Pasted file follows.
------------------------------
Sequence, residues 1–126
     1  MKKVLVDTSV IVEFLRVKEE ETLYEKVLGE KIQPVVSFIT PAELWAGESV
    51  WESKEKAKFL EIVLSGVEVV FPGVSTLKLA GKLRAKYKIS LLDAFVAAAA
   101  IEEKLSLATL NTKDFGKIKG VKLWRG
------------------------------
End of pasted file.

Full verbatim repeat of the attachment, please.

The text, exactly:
Sequence, residues 1–126
     1  MKKVLVDTSV IVEFLRVKEE ETLYEKVLGE KIQPVVSFIT PAELWAGESV
    51  WESKEKAKFL EIVLSGVEVV FPGVSTLKLA GKLRAKYKIS LLDAFVAAAA
   101  IEEKLSLATL NTKDFGKIKG VKLWRG